Ragtime, the little horse who has caused the big fuss, survived eviction from a Thousand Oaks neighborhood Monday.
But both his owner and the city's attorney said the fight over whether the horse can stay in the neighborhood is not over, and both predicted it will ultimately be settled in a courtroom.
The city had ordered Patty Fairchild, owner of the 27-inch-high Ragtime, to remove him from her home by Monday. When city inspectors showed up to see if the horse was there, Fairchild was not home, and a friend turned them away from the door.
Fairchild said later that she will refuse entry to any city inspectors. Ragtime, an American miniature horse, will continue living at her home until a court decides the issue, she said.
Thousand Oaks City Atty. Mark G. Sellers said the city does not need to inspect the property if a neighbor is willing to sign a complaint. The fine for violating the city law can run as high as $160 a day, he said.
If Fairchild still refuses to move the animal, Sellers said, then the city may seek a court order to have it removed.
"Either way you look at it, this is probably going to end up in court," Sellers said.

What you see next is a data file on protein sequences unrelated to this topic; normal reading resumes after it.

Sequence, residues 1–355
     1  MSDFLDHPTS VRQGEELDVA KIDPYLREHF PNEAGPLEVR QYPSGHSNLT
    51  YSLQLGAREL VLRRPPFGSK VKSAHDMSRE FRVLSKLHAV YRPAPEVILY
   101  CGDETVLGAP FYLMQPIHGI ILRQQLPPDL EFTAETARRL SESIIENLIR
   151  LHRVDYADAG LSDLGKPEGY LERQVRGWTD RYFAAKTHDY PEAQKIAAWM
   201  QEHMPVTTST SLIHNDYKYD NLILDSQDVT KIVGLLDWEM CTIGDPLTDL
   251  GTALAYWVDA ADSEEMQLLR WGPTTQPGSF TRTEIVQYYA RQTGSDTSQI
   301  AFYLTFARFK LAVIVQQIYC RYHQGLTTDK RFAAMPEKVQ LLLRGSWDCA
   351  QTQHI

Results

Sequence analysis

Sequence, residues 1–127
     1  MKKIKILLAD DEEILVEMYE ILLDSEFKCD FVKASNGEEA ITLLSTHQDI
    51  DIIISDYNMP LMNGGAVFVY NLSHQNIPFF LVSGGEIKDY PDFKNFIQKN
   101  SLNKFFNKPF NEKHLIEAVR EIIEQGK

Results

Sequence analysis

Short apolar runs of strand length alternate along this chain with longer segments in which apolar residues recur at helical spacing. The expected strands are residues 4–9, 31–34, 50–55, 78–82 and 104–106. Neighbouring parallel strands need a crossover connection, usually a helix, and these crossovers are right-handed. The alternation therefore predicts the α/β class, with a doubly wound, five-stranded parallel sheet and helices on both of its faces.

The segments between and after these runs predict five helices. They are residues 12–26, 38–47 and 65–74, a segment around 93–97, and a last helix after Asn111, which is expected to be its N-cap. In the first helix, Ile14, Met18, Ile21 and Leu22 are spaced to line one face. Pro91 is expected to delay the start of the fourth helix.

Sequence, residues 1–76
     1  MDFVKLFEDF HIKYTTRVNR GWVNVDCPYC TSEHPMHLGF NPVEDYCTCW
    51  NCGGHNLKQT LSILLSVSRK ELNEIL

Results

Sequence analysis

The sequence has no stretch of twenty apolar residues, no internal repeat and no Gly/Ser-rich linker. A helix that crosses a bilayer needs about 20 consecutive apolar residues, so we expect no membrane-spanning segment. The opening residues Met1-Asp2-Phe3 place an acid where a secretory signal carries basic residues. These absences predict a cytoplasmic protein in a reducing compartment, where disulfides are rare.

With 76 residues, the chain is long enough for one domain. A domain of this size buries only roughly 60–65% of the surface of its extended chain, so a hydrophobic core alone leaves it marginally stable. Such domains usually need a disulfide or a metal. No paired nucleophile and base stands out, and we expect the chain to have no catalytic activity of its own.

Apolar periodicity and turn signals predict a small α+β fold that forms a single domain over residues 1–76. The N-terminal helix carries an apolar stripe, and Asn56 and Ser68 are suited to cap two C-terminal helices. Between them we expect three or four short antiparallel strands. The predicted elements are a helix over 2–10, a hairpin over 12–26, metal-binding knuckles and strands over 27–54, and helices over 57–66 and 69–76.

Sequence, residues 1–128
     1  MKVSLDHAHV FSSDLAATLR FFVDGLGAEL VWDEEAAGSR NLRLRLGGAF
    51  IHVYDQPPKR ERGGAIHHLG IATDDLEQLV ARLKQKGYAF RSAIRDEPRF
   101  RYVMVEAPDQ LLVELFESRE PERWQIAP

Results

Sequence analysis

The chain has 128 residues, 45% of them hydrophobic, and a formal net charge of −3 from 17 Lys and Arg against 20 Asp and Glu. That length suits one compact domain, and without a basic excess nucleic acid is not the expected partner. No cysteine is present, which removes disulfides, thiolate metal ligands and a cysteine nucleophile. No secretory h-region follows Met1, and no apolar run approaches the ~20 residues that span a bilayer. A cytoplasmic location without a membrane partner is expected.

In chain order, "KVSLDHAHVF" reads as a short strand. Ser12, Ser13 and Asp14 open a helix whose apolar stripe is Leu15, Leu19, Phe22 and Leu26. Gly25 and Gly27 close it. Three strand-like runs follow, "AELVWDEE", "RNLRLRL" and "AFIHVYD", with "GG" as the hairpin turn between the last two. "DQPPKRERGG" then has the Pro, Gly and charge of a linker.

The City Council last month refused to grant Ragtime an exemption to city zoning laws that prohibit horses in Fairchild's neighborhood of Oakbrook Village.
Jan B. Tucker, a Redondo Beach private investigator who is donating his services to Fairchild, said that Ragtime's supporters will argue that city laws prohibiting farm animals in Fairchild's neighborhood do not apply to miniature horses.
"The city will have to show in court that this is a farm animal," Tucker said. "It may be a horse, but we have experts who will testify that it cannot do any farm work."
Sellers said that argument will not work. City zoning laws for the area, he said, prohibit horses as well as farm animals. "As far as we are concerned it is a horse, and it violates city code," he said.
Neighbors who opposed Fairchild's being allowed to keep Ragtime at her home have said the city is obligated to uphold city zoning restrictions. Fairchild has argued that the animal, because of its size, should be considered a domestic pet.